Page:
"A lot of grain out there," Pop noted. "Sunny weather's been good, to these wheat men." We passed a lone teal set down on a gutter pond. "They've got about an hour and a half left to do that," Sean said, swiveling to watch as we drove by.

We pulled off the road at a gate and began to parcel out the decoys. Pop couldn't seem to get his load set just right. Sean held the light for him while he made it up slowly, a burlap sack and two pack straps of manila cord, the same rigging he had employed for more than 50 hunting seasons. We picked up our weapons. I dragged low the top strand of barbed wire beside the gate, and the three of us stepped over the range fence and onto the sage desert, then followed the twin ruts of an old cattle road.

"Trail gets worse every year," Pop said. "No cattle in it anymore."

Sean said, "You don't need a trail out here, though. Just make a beeline for the wasteway."

"Trouble with that is a bee don't have to walk. He doesn't get sand in his boots."

A quarter of a mile in, Pop's load went. It sprang away from his back without warning and flopped onto the bunchgrass. We waited while he redid his knots just so, Sean impatiently gouging the sand with his bootheel and weighing the shells in his pockets with his hand. I was overdressed and heating up quickly, so I unbuttoned my jacket and took off my cap before we got going again. The three of us hiked through chickweed and Johnsongrass. The sky had already gone from black to purple when Pop pointed out the morning's first birds—a flight of mallards wheeling toward the northwest, 11 or 12 in silhouette. "They're coming in from the Potholes," he told us, following their steep dip and swerve. "Those birds are definitely looking for a place to set."

"Let's get up there," Sean said. "Come on."

He moved on ahead. Pop and I sat against the base of a sand bluff for a while.

"How's the knee? Bothering you?"

Pop rubbed the outside tendon once or twice. "Not too bad. Not yet."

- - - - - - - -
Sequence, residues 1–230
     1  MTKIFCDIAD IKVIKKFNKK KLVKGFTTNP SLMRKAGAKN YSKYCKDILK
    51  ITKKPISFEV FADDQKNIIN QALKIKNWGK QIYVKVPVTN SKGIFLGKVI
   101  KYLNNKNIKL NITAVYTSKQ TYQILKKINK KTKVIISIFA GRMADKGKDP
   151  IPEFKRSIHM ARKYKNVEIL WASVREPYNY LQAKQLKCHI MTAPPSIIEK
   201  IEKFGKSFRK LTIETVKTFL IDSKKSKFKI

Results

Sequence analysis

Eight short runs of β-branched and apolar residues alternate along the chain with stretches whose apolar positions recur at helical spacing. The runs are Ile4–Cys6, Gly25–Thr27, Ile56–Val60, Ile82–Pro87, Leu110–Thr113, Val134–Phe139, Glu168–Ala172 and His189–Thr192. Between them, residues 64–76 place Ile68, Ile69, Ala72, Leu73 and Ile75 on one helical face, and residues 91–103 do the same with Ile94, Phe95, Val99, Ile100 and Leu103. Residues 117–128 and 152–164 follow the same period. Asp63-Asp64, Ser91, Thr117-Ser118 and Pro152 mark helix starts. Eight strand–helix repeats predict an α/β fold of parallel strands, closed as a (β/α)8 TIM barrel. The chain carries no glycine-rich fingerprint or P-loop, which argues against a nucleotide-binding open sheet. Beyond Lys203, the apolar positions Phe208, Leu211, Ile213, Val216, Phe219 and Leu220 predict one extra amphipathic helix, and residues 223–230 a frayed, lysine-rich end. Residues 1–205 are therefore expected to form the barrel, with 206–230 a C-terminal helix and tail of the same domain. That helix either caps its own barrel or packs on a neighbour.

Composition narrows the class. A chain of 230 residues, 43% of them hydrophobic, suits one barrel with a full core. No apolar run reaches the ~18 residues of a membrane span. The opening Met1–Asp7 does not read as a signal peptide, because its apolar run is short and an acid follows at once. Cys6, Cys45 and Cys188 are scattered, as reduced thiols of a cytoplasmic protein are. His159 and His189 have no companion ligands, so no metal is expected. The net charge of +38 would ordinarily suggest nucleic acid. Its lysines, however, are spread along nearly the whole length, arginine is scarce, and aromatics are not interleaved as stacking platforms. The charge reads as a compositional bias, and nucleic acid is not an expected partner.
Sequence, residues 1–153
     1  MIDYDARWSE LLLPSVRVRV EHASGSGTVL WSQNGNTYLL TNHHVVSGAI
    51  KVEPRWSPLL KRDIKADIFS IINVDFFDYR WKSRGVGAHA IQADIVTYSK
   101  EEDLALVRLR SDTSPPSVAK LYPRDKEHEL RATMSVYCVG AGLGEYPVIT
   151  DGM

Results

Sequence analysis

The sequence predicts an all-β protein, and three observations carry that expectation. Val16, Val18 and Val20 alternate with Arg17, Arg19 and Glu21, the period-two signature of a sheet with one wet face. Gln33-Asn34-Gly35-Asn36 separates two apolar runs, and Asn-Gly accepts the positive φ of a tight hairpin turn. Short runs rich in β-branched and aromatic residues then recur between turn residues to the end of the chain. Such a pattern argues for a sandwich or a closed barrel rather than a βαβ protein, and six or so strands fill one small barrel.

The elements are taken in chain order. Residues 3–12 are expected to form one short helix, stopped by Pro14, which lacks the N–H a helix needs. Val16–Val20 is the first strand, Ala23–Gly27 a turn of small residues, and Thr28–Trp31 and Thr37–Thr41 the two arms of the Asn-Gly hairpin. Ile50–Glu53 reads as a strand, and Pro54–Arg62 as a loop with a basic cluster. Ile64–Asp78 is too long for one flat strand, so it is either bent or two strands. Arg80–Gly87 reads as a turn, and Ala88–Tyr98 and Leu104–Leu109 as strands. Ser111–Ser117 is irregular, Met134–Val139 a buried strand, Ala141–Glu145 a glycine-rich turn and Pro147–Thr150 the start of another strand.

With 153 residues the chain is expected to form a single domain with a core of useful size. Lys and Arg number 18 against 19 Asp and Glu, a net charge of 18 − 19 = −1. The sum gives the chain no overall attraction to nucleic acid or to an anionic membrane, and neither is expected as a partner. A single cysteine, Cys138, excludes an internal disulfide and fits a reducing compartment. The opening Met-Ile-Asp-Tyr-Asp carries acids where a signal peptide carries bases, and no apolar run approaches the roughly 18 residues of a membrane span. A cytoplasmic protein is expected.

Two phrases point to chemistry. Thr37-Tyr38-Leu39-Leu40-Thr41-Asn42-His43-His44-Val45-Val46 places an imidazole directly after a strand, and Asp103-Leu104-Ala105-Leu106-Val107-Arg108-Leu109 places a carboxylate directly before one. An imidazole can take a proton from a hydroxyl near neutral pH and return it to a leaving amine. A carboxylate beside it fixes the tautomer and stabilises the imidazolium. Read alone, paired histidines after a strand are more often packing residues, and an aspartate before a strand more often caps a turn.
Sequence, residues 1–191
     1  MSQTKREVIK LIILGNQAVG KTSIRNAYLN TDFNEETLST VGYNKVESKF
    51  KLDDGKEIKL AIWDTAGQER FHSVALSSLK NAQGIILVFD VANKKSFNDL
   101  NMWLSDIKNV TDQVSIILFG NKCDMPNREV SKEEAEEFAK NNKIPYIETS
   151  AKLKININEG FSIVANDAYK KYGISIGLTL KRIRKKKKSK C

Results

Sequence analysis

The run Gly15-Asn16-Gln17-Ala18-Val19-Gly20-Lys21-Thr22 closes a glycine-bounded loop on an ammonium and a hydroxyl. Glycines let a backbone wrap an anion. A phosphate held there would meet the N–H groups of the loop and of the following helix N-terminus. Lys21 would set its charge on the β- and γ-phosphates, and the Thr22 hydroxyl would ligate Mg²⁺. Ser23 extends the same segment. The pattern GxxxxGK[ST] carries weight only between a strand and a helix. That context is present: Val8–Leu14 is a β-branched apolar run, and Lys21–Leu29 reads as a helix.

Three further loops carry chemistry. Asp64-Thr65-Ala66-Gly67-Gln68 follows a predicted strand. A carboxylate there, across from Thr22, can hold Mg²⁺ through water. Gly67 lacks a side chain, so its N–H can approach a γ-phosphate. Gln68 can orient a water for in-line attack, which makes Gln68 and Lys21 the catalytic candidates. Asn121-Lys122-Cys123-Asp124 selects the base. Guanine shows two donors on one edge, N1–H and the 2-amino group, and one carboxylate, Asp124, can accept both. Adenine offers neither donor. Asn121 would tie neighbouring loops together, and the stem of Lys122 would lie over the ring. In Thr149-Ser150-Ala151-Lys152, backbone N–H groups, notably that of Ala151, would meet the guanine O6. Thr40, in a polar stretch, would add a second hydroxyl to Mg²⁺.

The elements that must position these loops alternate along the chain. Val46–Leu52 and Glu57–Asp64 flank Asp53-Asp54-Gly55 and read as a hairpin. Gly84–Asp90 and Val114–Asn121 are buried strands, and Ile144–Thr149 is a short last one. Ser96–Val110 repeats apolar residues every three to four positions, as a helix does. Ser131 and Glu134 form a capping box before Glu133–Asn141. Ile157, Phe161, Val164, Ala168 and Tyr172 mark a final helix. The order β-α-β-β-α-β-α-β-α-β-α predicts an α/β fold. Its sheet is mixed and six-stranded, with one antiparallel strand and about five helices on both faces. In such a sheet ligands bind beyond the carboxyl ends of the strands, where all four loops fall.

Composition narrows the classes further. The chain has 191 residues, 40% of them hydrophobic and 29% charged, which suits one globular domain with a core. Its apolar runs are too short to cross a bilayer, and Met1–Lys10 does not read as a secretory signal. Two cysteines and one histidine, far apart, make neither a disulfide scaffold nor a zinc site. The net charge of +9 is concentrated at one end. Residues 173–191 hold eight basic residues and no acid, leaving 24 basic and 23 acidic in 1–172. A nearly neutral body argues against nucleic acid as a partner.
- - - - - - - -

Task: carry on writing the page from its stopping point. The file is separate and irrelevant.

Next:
We followed a ridge, conjuring everywhere the bustle of pheasants in the sage. We climbed over a black dune, worked down to a section marker, then crossed a land bridge over a cattail marsh. For years we had gotten creditable jump shooting at this spot just by splitting up and combing the shallow margins. Pop had put in plenty of good days here; I had watched him get a triple more than once. Every time I stood in this spot I recalled one especially, from 20 years ago. A flight of mallards got up in the south pond, scattering, and Pop took a left and then a right and, incredibly, a going-away. I wondered if he remembered it. Or if all the ducks, and even the upland hunting he had done, were now faded and melded together in his brain.

It was light enough to move without flashlights. Strands of honkers, flying in broken V's, moved past, a thousand feet overhead. It didn't matter how many times you witnessed them in flight—their speed, their unity of purpose, the faint but audible sound from dozens of throats, all combined to leave you with a pounding in the ribcage. Pop watched them, too, from under his packload. I could hear his heavy breathing. We traversed the last black dune side by side, slowly, and stood gazing out across the wasteway.

"There it is," Pop said. "Damn."

Marsh reeds, golden cattails, pockets of gray water as far as you could see, north and south. The sage desert, impossibly large, rolled away to the east. While we watched, a string of teal vectored in, just where we'd had our set, or decoys, for so many seasons. We heard shooting, the first shots of the day, and a teal plummeted like a ball of coal. Soon the sounds of shooting came from every quarter.